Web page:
So maybe Italian school does get easier with time, because today is already the third day and so far so good.
Five did well on his first day. Before we left for our walk to school, he cried a little and said he didn’t want to go. We told him about Nine’s first day, and how the teacher had assigned him a seat between two girls, horror of all horrors, and it had been tragic. But first grade teachers are kind – it’s a job requirement – and she had moved him. Surely Five’s teacher would be as kind as that and make sure that nothing so terrible happened to him.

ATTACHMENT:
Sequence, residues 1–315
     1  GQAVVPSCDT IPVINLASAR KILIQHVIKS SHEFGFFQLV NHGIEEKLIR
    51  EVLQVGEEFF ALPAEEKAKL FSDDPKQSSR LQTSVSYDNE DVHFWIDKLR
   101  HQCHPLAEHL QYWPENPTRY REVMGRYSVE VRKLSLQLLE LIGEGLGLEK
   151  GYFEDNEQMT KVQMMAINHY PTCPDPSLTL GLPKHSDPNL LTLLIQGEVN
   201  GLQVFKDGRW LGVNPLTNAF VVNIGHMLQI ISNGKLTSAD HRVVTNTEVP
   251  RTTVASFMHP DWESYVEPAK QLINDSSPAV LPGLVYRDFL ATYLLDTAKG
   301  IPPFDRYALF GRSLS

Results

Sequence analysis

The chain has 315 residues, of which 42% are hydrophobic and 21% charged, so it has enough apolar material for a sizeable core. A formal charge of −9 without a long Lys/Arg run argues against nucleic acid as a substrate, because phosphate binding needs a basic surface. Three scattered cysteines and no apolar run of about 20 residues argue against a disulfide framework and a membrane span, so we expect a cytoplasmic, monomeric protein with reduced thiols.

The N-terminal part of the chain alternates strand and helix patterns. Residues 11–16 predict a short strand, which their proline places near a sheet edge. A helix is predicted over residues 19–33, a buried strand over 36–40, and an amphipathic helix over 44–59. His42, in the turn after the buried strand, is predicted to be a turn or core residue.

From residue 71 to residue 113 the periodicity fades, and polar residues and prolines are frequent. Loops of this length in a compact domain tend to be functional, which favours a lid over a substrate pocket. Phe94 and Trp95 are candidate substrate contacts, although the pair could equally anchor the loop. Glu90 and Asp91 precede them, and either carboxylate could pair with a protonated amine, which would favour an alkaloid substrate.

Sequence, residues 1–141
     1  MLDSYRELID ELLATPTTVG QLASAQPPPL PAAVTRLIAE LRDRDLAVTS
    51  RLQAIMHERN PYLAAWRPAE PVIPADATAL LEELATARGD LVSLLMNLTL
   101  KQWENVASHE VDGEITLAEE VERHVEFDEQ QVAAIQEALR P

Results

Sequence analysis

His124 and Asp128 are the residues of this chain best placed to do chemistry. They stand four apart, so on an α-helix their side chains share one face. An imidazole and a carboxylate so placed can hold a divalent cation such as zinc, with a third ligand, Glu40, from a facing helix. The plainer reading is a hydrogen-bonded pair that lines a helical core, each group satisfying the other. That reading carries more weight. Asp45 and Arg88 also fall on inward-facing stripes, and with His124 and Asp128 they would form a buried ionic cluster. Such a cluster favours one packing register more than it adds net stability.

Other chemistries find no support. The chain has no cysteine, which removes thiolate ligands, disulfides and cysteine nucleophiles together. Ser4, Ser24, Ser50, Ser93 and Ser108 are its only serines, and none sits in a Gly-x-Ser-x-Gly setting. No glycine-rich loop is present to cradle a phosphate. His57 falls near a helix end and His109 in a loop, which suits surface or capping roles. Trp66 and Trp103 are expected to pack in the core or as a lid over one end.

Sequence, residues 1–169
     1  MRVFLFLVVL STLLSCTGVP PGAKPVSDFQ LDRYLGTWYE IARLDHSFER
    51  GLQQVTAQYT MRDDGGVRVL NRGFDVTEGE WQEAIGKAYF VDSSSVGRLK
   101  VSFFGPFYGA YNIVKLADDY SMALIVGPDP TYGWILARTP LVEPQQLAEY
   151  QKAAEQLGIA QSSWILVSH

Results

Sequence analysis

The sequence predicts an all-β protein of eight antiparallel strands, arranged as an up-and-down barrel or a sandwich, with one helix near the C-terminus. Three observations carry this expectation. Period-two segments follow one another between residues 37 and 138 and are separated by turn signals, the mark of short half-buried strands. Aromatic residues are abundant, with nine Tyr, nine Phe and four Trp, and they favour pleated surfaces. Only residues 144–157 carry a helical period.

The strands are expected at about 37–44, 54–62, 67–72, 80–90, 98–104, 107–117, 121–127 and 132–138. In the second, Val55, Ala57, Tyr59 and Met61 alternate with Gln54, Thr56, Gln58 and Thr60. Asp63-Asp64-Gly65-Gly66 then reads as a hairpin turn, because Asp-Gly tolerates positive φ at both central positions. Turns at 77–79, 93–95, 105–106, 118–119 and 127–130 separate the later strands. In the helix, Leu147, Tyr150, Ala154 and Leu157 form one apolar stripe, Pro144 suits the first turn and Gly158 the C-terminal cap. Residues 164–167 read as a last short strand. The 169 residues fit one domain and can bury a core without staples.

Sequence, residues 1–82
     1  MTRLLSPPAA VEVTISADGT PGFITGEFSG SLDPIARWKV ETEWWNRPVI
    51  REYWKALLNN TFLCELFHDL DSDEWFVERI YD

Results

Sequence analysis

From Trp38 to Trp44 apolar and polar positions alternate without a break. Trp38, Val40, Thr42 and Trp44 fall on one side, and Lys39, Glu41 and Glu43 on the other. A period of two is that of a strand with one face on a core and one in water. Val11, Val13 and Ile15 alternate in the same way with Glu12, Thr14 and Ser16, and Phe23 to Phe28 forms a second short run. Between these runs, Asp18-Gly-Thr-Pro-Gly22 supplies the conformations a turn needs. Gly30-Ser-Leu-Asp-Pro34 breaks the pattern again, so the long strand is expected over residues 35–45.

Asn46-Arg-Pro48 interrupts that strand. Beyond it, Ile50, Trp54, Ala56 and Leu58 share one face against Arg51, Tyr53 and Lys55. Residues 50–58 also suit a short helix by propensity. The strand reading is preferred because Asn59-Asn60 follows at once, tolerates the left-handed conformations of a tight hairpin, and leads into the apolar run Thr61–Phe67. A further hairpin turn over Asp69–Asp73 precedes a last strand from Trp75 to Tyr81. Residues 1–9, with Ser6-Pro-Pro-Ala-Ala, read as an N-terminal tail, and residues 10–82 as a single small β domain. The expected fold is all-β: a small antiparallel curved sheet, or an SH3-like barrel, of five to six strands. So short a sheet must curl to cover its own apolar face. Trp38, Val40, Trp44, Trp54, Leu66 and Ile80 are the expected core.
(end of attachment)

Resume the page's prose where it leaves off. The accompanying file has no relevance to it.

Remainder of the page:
He decided he’d give it a try after all.
The incoming first graders gathered on the basketball court after the other classes had gone in and their teachers led them away. Five was his usual happy self by then, just another little boy in a single file line, but before he went inside, he turned and smiled at me, and I waved the same wave of encouragement and pride as every other mother standing on the court that morning, and I hope I always remember his beautiful little face the way it was at that very instant, which I have since then kept frozen in time. His nervous smile, his bright blue eyes, his brother’s hand-me-down uniform T-shirt, a little piece of my heart that walked off with him and into school, while an even bigger piece grew in its place.